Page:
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Growth in Venture Funding Bypasses Corridor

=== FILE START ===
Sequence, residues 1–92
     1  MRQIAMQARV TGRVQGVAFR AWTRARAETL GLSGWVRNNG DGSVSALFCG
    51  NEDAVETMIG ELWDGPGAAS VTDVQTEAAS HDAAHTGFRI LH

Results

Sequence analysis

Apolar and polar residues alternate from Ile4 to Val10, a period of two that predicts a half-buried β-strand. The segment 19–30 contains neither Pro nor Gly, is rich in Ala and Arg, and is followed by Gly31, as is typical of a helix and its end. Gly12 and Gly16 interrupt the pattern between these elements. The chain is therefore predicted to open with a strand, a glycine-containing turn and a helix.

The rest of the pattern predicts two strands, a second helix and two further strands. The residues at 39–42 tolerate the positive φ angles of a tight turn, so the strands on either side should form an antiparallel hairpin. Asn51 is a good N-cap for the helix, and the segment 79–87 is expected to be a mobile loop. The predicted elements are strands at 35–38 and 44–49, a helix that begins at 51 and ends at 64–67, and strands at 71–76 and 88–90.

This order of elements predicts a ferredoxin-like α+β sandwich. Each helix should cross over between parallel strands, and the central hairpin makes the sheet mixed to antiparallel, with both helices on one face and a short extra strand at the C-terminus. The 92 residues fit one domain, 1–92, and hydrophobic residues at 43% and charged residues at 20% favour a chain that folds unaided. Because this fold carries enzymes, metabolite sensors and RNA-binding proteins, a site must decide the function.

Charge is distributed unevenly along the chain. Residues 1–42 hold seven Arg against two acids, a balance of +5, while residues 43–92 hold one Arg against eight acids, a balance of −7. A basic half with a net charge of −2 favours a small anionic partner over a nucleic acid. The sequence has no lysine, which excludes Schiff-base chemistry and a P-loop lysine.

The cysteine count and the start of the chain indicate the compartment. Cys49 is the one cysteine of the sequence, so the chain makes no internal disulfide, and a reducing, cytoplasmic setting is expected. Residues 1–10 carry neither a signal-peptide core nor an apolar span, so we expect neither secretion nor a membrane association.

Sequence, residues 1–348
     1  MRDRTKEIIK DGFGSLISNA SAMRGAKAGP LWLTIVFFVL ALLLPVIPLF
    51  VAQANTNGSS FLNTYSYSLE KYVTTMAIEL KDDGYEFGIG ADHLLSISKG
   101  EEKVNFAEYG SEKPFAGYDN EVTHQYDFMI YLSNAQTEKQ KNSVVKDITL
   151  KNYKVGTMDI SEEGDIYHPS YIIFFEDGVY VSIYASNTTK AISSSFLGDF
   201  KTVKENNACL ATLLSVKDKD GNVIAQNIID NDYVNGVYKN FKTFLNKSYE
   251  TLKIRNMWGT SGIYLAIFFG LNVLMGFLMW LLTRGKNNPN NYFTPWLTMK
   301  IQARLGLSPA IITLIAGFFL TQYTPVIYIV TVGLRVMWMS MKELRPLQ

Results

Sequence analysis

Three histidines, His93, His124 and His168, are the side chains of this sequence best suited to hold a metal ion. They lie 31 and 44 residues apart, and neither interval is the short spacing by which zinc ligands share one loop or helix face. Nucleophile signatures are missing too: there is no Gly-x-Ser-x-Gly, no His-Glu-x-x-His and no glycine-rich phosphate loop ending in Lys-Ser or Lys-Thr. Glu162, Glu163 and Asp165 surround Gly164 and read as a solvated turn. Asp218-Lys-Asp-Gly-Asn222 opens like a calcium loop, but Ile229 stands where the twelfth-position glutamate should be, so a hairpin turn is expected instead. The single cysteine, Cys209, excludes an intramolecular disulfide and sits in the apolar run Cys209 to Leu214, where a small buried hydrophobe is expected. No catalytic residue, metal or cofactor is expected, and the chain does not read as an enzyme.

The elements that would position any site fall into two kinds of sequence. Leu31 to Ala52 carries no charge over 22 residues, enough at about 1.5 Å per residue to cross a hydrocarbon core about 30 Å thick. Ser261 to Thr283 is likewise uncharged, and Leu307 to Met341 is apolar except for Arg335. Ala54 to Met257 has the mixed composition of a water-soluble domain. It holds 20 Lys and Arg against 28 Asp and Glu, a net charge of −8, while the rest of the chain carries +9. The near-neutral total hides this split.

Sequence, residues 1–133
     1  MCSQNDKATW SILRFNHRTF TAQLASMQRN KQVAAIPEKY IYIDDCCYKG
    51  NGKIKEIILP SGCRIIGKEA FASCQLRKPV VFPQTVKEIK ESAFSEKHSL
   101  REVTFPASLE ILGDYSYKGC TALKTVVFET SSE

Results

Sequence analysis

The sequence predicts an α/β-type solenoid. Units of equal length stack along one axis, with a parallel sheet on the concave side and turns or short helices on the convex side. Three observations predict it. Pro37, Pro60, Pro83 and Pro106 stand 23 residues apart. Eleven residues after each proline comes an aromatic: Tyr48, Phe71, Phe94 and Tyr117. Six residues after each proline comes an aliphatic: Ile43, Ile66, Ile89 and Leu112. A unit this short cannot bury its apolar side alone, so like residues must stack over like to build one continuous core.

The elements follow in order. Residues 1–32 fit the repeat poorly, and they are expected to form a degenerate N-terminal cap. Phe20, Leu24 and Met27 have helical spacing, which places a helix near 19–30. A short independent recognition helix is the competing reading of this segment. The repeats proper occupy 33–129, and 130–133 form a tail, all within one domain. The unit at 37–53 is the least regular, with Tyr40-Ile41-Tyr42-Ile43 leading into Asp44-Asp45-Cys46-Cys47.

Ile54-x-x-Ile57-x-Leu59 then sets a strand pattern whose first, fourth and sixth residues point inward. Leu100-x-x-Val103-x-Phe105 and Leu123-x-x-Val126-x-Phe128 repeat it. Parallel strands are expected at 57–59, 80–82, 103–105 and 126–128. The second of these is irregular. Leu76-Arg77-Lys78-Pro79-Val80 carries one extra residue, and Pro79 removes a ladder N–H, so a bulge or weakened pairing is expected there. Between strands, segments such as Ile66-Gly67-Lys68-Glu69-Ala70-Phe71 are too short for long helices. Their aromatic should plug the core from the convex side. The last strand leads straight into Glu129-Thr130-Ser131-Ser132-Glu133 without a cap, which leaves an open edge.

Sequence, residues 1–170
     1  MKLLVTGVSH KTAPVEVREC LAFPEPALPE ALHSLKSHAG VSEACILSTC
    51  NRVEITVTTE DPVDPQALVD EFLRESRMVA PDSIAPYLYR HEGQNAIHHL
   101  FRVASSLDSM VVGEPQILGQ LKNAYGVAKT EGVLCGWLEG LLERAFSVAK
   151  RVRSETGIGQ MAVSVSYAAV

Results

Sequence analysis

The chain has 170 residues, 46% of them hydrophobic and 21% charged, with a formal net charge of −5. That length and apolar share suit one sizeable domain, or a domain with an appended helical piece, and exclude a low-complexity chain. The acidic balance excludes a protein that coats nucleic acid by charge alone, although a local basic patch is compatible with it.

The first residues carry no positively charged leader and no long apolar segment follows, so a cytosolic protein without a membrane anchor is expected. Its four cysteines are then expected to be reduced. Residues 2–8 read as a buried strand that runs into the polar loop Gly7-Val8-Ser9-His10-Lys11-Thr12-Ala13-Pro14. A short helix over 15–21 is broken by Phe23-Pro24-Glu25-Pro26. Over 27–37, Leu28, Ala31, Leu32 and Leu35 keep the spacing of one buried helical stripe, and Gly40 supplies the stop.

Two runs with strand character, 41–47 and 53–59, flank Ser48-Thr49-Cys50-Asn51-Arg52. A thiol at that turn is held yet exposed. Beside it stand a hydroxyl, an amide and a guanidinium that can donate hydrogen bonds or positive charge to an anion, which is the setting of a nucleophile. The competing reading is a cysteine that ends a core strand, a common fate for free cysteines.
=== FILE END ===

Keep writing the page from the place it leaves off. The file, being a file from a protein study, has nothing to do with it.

The money truck that has deposited large sums of venture capital in many parts of the country, has yet to arrive full speed along the 101 Tech Corridor. While venture capital investments nationally rose by 5 percent to 8 percent in 2004, after three miserly years, the companies along the corridor were treated far less generously. Some 20 companies in the area that stretches roughly along the Ventura (101) Freeway, from Burbank to Camarillo received a total of $95 million in funding in 2004. That compares with 18 companies funded in 2003 for a total of $150 million, according to data just compiled for the region by PricewaterhouseCoopers from the Money Tree Survey, a report by PricewaterhouseCoopers, Thomson Venture Economics and National Venture Capital Association. The local trend is in stark contrast to the national landscape, which saw venture funding spike to $20.9 billion in 2004, up from nearly $19 million in 2003, according to the Money Tree Survey. The average investment fell too along the Tech Corridor, to about $4.75 million in 2004, from $8.3 million in the prior year. By contrast, companies nationwide received an average of $11.1 million in funding in 2004, up from $9.2 million in 2003, the Money Tree Survey found. Taken as a whole, the Los Angeles area too surpassed the 101 Tech Corridor in funding last year, collecting a total of $706.3 million from 61 deals, compared to $595.6 million from 65 deals in 2003, according to the Quarterly Venture Capital Report released by Ernst & Young LLP and VentureOne. While the lower funding levels in the local area may be due to a larger proportion of first round investments, there are also indications that the area is missing out because some of the hottest sectors for investing are not well-represented along the corridor, and those companies that are located there generally lack the visibility and profile of companies in other technology-laden areas. “I think we could do a lot better if we did create a concentration or eco system of companies in the area,” said Randy Churchill, director of business development for the Southern California technology and entertainment practice at PricewaterhouseCoopers. After the dotgone bust, venture capitalists largely sat on the sidelines because the faltering stock market virtually eliminated opportunities for initial public offerings and mergers and acquisitions, providing few options for these investors to cash in on their investments. Beginning last year though, as the stock market improved, both the IPO and the M & A; markets sprang back to life, and along with it, VC funders got back in the game with plenty of money to spend. “The typical fund has a 10-year life cycle,” said Churchill. “The second five years is the harvest period. So most of the money raised in 2000 was invested and deployed and so now they’re in a new cycle. As an industry, they’re raised new amounts and they’re ready.” But if money is now more plentiful, it is not exactly easy. Looking elsewhere Many VCs have followed the M & A; and IPO markets, investing in life science companies which are also getting the lion’s share of acquisition offers, and so far at least, those companies are not well-represented along the corridor. “I think there has been some shift with many funds staying focused on the life sciences piece, especially when you look at the M & A; and IPO market,” said Don Williams, venture capital advisory group leader in Southern California for Ernst & Young. Williams noted that nationally, four out of the top 10 IPOs in 2004 were biopharmaceutical companies, and in Southern California, seven out of the top 10 were healthcare related. “That’s not to say there are not some other areas popping up,” Williams added. The other problem that Tech Corridor companies may be facing is a lack of visibility, particularly vis- & #341;-vis Silicon Valley and even places like San Diego where there are greater numbers of like companies clustered. “Silicon Valley is where the money is,” said Williams. “So what you will see is many of the entrepreneurs take their ideas to Silicon Valley. They realize if they can be in the Bay Area they’re closer to the money, and the general partners are more likely to make an investment in an area where they can drive 45 minutes to go visit rather than get on a plane.” Those companies along the corridor that did get funding in 2004 represented a range of industries from semiconductors to Internet advertising and marketing companies. Among them were Inphi Corp., a Westlake Village-based bandwidth solutions provider that received $18 million in a third round of funding; TechnoCom, an Encino-based wireless software and systems provider that received $6.75 million; Microfabrica Inc., a Burbank-based micromachine manufacturer that received $15 million, and Strix Systems Inc., in Calabasas, a developer of wireless communications equipment that also received $15 million. In general, the companies were at least five years old, and most had already gone through at least one if not more financing rounds before 2004. Wanting results Age and maturity are critical components in the funding decision because while venture capitalists are anxious to deploy the funds they have amassed, they are not willing to bet it on ideas that have yet to yield results. That is true even of early stage investors who, back in the 1990s, typically employed much looser criteria to their funding decisions. Last year, for instance, Tech Coast Angels, a group that provides capital as well as consulting and mentoring services to companies, saw its funding shift to later stage companies. “We funded the same amount of new rounds, which would be the very first level, but we’ve also funded a lot more follow on rounds,” said Gary Clark, chapter president of TCA’s newest chapter in Westlake Village/Santa Barbara, which just opened this month. At Tech Coast Angels, funding of later stage companies is up 41 percent, and even those early stage companies that are funded are likely to be much farther along than they were in the heyday of the dotcom boom. “Until there’s a product that’s bundled, shrink wrapped or we can see it’s on the cusp of that, then it’s too early,” said Clark. “In the past, what angel funding was looked at was that initial gap of idea to product. For most technology businesses today, they have to be beyond that.”